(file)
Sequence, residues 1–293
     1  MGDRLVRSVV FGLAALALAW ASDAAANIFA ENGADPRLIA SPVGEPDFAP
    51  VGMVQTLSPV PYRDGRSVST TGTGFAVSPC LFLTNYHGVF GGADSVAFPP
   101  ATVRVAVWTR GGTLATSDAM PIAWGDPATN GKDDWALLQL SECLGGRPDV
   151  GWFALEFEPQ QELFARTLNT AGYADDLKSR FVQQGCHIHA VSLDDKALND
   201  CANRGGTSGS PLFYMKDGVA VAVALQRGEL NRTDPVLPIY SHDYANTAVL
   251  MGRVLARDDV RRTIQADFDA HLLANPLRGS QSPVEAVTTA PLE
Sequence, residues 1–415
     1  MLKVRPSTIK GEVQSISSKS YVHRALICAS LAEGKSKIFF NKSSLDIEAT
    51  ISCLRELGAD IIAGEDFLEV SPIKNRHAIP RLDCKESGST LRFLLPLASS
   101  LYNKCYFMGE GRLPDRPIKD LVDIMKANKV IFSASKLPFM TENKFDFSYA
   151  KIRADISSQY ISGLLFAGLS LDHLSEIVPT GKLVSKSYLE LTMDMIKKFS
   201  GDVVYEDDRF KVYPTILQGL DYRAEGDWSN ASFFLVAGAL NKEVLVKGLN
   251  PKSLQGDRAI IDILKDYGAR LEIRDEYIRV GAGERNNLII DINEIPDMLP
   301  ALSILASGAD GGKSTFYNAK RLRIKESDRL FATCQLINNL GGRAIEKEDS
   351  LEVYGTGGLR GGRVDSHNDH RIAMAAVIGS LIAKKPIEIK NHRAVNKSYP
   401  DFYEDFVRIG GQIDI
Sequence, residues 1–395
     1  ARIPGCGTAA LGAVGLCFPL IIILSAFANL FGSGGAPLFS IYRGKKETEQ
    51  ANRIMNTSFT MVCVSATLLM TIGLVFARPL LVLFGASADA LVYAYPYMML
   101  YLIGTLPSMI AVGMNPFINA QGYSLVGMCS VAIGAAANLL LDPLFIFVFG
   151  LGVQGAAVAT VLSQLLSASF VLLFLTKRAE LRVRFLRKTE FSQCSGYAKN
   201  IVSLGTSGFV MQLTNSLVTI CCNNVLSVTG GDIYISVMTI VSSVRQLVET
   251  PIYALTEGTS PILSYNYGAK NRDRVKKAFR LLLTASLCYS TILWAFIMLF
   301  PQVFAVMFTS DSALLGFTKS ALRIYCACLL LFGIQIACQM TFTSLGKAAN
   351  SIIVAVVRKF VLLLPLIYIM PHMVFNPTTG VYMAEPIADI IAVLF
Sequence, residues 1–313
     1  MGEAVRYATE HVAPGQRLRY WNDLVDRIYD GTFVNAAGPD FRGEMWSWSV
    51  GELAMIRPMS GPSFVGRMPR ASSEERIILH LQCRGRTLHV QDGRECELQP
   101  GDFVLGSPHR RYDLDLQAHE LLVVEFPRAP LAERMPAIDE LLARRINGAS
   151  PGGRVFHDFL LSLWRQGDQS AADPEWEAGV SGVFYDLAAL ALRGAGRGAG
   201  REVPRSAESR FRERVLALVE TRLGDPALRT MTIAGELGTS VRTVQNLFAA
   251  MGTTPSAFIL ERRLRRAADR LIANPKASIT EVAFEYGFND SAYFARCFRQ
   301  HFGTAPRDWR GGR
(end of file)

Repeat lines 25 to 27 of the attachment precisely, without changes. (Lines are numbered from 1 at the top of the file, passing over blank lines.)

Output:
   301  PQVFAVMFTS DSALLGFTKS ALRIYCACLL LFGIQIACQM TFTSLGKAAN
   351  SIIVAVVRKF VLLLPLIYIM PHMVFNPTTG VYMAEPIADI IAVLF
Sequence, residues 1–313